On death and dying

Posted by Drewski



I came home a short while ago from a night shift in a care home for the elderly and mentally ill. 

My last three hours were with a man called Ken. A year ago he was the life and soul of the unit, so I’m told. Now 90% of his body is black from decay, he’s lost the majority of his toes, he’s unconscious and nothing remains but a skeleton. He continues breathing albeit weakly, and unaided. He’s been in this state for almost a month. All of the staff and his family are simply waiting for him to let go. There’s nothing for him to hold on to anymore.

I was asked to sit with him for any moment could truly be his last and not wanting him to pass away alone members of staff were taking turns to sit by Ken’s side. Each time someone came into the room to check on things their faces seemed to show pity and impatience – two characteristics I’m not so familiar with.

When alone with him I would talk, but not empty and meaningless words. I placed my hand on his chest, looked into his remaining slit of an eye and began speaking to him. I didn’t know what I was going to say, and I’ve never been in that situation before, but what came out of my mouth took me by surprise.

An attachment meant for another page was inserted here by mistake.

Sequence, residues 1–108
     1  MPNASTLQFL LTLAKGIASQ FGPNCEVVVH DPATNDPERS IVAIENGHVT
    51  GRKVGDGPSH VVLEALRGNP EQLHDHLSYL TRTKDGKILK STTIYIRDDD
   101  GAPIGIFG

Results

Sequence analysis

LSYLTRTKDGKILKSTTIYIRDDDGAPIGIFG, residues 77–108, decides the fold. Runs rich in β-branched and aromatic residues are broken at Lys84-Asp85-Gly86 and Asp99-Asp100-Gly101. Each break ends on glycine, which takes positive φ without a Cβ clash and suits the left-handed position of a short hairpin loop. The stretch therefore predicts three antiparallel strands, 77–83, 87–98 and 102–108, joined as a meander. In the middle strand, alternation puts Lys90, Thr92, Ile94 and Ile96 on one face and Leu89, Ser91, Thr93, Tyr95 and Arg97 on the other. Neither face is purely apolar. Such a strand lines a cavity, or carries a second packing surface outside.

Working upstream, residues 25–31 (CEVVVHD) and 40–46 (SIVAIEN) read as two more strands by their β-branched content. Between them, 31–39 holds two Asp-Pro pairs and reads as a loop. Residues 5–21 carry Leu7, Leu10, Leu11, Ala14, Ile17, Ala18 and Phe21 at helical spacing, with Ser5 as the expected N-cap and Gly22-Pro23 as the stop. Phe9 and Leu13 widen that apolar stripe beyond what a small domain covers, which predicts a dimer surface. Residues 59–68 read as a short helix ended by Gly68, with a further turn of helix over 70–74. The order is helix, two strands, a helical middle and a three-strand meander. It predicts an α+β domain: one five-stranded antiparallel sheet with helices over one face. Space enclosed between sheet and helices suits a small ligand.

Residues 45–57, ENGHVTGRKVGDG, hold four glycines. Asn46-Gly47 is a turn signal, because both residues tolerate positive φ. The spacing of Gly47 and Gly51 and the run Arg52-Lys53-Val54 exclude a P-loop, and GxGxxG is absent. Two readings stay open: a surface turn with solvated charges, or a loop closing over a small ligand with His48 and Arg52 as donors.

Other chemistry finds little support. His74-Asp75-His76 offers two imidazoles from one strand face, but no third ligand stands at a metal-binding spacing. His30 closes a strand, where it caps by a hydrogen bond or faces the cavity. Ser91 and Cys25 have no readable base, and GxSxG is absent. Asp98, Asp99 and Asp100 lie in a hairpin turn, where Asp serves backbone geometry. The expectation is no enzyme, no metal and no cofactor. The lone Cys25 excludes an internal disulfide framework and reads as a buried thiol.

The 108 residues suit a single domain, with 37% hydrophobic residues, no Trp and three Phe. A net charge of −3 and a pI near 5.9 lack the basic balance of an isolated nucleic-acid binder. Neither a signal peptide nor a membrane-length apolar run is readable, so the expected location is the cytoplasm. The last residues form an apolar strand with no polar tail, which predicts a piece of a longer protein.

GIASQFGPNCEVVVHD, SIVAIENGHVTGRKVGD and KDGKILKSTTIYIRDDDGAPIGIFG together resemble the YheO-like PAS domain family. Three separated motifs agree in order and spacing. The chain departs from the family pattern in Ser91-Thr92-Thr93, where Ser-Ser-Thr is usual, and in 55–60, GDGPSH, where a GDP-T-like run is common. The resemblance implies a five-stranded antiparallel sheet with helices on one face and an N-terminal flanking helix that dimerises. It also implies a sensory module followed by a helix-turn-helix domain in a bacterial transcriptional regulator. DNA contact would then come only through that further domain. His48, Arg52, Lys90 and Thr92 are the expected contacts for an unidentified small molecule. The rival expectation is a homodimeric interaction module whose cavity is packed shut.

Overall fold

For three hours I spoke of light, angels, peace, safety and Home. I spoke of many other things, too and then he started taking deeper gasps of breath and his shoulder would move. At one point a nurse came in to assist me in changing Ken’s incontinence pad so that should he pass away during the night he’d be as clean as possible for the undertaker. When that was done I was left alone with him again and I sat back in the chair in silence. His feeble breathing suddenly became stronger and his body twitched. I leaned in and as soon as I started talking again his breathing relaxed and slowed. I felt like he could hear me. I felt like he needed to hear that there’s no fear in letting go. I put my other hand lightly on his forehead and I am convinced that his head moved ever so slightly under my hand. Whenever I stopped talking his breathing would shift, and when I resumed it would shift again.

He was still breathing when I left but looking beyond appearances is a gift. I saw him as a brother, as an equal, a soul, for that is what we all are. That, I feel, is what inspired the words that emerged from me.

I found out two days later when I returned for another shift that Ken passed away an hour and a half after I’d left his side. 

 


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